ER: We need to adopt a more patient-centered approach to the health care record, including Electronic Health Records. Implementation of an Electronic Records system is a national priority, with the expectation that EHR will improve patient outcomes as well as helping to reduce costs of treatment. But right now most patient health records and records systems are centered on the care provider (the doctor, the healthcare specialist, the hospital, and so on) rather than patient centric. When a patient moves from one care provider to another, that records isn't integrated. This has to change to support a patient centered record that can be integrated into different records systems to span all the different care providers who are involved in treating chronically ill patients and that will be available to the patient. It's a big challenge, but it is essential if we are going to move forward with an integrated health system.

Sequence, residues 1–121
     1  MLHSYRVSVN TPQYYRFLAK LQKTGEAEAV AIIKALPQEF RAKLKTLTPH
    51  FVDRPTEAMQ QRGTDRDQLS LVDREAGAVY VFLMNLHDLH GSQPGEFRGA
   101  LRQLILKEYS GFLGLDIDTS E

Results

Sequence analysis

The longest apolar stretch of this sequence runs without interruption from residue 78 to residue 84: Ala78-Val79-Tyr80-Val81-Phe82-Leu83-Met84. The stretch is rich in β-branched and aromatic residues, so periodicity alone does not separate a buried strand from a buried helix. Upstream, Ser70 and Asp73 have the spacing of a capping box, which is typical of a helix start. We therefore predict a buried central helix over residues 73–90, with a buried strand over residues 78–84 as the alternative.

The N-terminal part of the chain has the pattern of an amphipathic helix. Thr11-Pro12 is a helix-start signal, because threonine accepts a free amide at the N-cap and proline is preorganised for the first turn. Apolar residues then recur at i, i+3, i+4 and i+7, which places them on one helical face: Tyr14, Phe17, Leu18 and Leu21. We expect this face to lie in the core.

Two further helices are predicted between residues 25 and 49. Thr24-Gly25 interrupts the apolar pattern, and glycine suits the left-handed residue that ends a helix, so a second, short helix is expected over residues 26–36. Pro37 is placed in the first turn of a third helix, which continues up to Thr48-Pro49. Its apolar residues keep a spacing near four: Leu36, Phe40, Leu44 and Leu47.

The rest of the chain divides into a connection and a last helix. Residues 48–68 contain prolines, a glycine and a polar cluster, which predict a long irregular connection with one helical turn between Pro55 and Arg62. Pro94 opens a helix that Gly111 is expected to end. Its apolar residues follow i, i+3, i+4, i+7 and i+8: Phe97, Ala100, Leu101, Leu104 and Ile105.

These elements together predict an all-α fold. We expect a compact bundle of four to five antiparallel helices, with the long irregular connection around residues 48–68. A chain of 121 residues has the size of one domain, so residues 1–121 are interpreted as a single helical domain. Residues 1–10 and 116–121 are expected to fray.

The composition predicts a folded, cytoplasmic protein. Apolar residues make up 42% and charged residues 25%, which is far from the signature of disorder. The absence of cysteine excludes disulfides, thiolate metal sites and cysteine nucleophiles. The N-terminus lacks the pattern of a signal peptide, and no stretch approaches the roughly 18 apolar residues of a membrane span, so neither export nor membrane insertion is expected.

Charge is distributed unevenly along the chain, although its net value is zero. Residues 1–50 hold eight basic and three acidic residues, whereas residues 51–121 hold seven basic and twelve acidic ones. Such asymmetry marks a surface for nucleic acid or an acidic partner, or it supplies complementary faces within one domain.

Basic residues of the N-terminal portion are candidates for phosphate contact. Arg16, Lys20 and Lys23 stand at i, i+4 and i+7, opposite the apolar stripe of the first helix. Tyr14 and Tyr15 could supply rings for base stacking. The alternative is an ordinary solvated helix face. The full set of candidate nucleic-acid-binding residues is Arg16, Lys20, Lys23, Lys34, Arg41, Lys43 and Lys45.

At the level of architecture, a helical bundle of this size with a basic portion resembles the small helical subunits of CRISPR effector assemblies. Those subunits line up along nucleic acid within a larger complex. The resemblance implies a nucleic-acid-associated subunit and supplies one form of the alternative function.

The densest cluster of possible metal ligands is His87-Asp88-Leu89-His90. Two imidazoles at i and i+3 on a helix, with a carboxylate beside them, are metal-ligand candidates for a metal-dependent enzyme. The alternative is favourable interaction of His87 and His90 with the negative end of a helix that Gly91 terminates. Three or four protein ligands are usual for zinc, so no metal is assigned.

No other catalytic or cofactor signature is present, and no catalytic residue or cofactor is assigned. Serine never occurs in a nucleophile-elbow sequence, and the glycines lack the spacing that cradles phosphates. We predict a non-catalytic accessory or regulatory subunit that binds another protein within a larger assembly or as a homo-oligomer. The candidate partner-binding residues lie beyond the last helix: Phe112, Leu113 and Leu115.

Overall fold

At SeniorBridge, for example, we try to serve as the hub of information for various health providers. So we have developed a web-based information and record system designed around a patient centered record that makes it easier to for different providers to access and to coordinate the care among all the specialists. We want to connect that record even more broadly, so if a patient goes to hospital it is updated to make all the hospitalization and discharge information available to home care providers.

We are working with a multitude of professionals in the healthcare system -families and doctors and other coordinated care providers. A patient-centered health record can enable much more effective care coordination to support a holistic hub of care that addresses all aspects of well being for that individual patient.
Dr. Cronin is a Professor of Management in the Information Systems Department at Boston College. To read more of her articles, please visit her columnist page.

Edited by Michael Dinan